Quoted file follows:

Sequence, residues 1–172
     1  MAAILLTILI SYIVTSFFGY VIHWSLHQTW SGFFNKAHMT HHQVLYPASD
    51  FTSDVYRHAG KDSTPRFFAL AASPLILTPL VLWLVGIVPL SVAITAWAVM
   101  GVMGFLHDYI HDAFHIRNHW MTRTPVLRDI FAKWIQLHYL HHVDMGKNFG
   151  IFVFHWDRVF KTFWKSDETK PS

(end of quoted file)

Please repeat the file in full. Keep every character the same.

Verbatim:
Sequence, residues 1–172
     1  MAAILLTILI SYIVTSFFGY VIHWSLHQTW SGFFNKAHMT HHQVLYPASD
    51  FTSDVYRHAG KDSTPRFFAL AASPLILTPL VLWLVGIVPL SVAITAWAVM
   101  GVMGFLHDYI HDAFHIRNHW MTRTPVLRDI FAKWIQLHYL HHVDMGKNFG
   151  IFVFHWDRVF KTFWKSDETK PS